, Volume 6, Issue 6, pp 515-516
Date: 11 Oct 2012

Response to letter re: Comparison of hamstring lengthening with hamstring lengthening plus transfer for treatment of flexed knee gait in ambulatory patients with cerebral palsy

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We thank the correspondent for his interest and thoughtful questions regarding our paper. We think the two biggest problems following hamstring surgery for flexed knee gait are: (1) achieving adequate correction and (2) maintaining correction over the subsequent years.

In order to maximize correction, we maintain patients in solid ankle–foot orthoses (AFOs) for daytime use and ground reaction AFOs for those with more severe involvement, the latter usually temporarily, since the patients frequently find them too constraining; as well as nighttime knee immobilizers for 6 months postoperatively.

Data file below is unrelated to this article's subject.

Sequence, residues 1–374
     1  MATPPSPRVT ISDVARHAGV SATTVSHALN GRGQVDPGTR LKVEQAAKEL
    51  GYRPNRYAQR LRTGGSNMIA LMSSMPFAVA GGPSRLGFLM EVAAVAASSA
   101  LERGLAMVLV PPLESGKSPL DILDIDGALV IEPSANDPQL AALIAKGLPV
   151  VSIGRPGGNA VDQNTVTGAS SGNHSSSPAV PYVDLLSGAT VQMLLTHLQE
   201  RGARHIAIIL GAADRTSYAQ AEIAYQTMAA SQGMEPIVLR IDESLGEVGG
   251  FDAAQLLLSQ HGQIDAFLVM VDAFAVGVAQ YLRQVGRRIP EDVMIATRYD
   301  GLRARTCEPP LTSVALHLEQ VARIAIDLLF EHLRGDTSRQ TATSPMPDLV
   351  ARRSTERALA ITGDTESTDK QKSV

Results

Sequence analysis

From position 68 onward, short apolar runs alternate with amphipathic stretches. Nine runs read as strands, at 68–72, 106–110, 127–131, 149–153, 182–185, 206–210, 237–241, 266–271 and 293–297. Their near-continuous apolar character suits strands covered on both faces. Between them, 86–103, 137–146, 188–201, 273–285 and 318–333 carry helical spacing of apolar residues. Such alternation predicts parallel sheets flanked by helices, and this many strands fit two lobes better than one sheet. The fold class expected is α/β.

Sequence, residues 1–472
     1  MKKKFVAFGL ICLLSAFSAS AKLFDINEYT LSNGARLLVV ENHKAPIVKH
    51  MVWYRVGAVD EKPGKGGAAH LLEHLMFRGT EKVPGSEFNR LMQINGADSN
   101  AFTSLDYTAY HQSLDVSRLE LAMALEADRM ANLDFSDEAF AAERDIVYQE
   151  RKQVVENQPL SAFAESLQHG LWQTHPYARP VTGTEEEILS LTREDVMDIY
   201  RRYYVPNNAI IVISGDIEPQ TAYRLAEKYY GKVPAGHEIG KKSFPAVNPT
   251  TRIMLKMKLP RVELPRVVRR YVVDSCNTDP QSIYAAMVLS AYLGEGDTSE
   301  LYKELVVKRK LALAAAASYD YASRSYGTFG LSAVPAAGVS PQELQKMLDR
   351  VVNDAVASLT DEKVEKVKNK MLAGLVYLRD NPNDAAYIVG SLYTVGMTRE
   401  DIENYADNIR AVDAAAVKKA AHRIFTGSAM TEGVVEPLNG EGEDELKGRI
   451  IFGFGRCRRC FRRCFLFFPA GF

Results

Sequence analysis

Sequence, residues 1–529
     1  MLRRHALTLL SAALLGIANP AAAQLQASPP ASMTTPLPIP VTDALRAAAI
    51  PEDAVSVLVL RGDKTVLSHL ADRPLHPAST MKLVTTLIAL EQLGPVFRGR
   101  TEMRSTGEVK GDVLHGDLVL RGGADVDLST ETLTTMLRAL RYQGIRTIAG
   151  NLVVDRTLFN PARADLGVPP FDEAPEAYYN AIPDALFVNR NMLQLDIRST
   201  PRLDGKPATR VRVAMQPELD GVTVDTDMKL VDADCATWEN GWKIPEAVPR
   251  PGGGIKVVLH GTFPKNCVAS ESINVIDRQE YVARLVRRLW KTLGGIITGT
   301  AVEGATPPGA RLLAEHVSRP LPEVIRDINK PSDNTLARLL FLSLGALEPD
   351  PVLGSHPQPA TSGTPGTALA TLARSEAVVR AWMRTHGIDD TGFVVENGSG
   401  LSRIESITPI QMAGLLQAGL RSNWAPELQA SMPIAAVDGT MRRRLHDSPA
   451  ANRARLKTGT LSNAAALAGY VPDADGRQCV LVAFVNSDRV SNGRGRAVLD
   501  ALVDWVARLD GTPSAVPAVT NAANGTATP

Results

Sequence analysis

We have not found any evidence of “overdose” in the patients in this series. All patients in the hamstring transfer plus lengthening (HST) group had lengthening of the semimembranosus and biceps, along with transfer of the gracilis and semitendinosus, while in a few patients in the hamstring lengthening alone (HSL) group, the biceps was left intact. Knee recurvatum did not occur in any patient in th